The question of what makes BF3 a good game is whether the four classes, great level design and balance between graphics and storyline give it the edge, or whether it is the players who together give the game life through their innate combination of greed and team spirit?

Basically, it is somewhat of a hindrance in the game’s seemingly strengthened focus on kill streaks, levels, equipment,  tags, camo pattern – things that have also characterized the last game in the series, but really only relate to the individual player and contribute absolutely nothing to the community, unless you play with the community in mind. And that doesn’t happen very often on game servers.

But even though the progression itself is one of the major driving forces in the game play, and it can be called the glue that holds the game together – as an almost vulgar big dangling carrot in front of the eyes of the user – does it mean that BF3 is all bad? No, not at all. It’s just a shame that man in his weakest moments quite naturally is more inclined to selfishness over sacrifice. It is the difference between surviving or dying with the other lemmings. All I want is to improve my killstreak and get my buddy to respawn.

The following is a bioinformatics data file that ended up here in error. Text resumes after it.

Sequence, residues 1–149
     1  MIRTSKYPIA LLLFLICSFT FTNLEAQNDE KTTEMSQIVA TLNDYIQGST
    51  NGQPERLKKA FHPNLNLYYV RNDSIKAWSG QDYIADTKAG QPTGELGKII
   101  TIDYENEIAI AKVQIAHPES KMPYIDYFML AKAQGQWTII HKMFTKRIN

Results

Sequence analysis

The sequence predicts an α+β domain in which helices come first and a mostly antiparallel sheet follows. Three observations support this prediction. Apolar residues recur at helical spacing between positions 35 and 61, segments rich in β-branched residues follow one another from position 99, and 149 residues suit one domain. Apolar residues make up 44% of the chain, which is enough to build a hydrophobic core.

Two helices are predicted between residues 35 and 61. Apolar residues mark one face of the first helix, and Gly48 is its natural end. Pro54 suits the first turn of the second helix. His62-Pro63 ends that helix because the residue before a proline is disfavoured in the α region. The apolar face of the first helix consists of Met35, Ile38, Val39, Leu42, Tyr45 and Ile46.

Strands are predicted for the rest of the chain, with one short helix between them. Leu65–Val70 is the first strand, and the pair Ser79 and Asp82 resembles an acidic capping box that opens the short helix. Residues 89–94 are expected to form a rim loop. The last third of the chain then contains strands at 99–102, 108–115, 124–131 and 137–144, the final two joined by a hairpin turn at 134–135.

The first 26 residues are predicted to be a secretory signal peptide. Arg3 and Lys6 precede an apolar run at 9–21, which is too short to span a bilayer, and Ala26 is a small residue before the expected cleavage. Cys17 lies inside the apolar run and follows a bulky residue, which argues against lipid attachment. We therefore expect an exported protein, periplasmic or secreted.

That’s why it becomes a cornucopia of rewards, weapons, gadgets and boosters, as DICE has equipped its latest shooter with more of the real target, rather than the tactical victory.

But let us look at the technique because although people very often just run around solo, there’s quite a nice opportunity to play tactically in the company of another. Well then. I’ve played BF3 during the week, alternately on both Xbox 360 and PC, and I’m not ashamed to say I have enjoyed myself immensely with both of them, albeit for some slightly different reasons.

And before you quit due to platform preference, perhaps I should say now that this review centres around one character who happens to be the same on both platforms. Incredibly convenient, I know. I was originally going to write two reviews, but after testing I realised that both platforms seem to be on the same level. There is basically no difference whether you sit at a PC or whether you sit on a HD console. BF3 knows its stuff online. This is where its strength lies. This is where it should be played. There is obviously a difference between most computers and consoles when it comes to screen resolution – but we are not going get into whether or not the graphics are pleasant.